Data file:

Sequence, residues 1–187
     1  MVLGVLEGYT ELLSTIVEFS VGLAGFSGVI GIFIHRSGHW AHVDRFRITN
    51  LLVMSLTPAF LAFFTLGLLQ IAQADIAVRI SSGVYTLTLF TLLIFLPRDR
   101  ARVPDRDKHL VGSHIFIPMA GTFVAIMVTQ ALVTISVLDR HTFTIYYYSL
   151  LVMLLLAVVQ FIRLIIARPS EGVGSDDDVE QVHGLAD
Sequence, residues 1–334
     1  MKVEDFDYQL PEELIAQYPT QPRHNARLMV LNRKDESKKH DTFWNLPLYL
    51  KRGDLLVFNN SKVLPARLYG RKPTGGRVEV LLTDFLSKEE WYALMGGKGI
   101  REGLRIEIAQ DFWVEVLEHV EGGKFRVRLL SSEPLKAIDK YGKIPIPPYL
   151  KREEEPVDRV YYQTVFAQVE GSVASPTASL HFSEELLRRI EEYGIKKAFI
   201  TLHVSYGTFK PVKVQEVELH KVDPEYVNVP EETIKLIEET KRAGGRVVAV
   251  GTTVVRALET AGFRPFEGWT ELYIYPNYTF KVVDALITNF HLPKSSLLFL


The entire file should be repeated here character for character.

Sequence, residues 1–187
     1  MVLGVLEGYT ELLSTIVEFS VGLAGFSGVI GIFIHRSGHW AHVDRFRITN
    51  LLVMSLTPAF LAFFTLGLLQ IAQADIAVRI SSGVYTLTLF TLLIFLPRDR
   101  ARVPDRDKHL VGSHIFIPMA GTFVAIMVTQ ALVTISVLDR HTFTIYYYSL
   151  LVMLLLAVVQ FIRLIIARPS EGVGSDDDVE QVHGLAD
Sequence, residues 1–334
     1  MKVEDFDYQL PEELIAQYPT QPRHNARLMV LNRKDESKKH DTFWNLPLYL
    51  KRGDLLVFNN SKVLPARLYG RKPTGGRVEV LLTDFLSKEE WYALMGGKGI
   101  REGLRIEIAQ DFWVEVLEHV EGGKFRVRLL SSEPLKAIDK YGKIPIPPYL
   151  KREEEPVDRV YYQTVFAQVE GSVASPTASL HFSEELLRRI EEYGIKKAFI
   201  TLHVSYGTFK PVKVQEVELH KVDPEYVNVP EETIKLIEET KRAGGRVVAV
   251  GTTVVRALET AGFRPFEGWT ELYIYPNYTF KVVDALITNF HLPKSSLLFL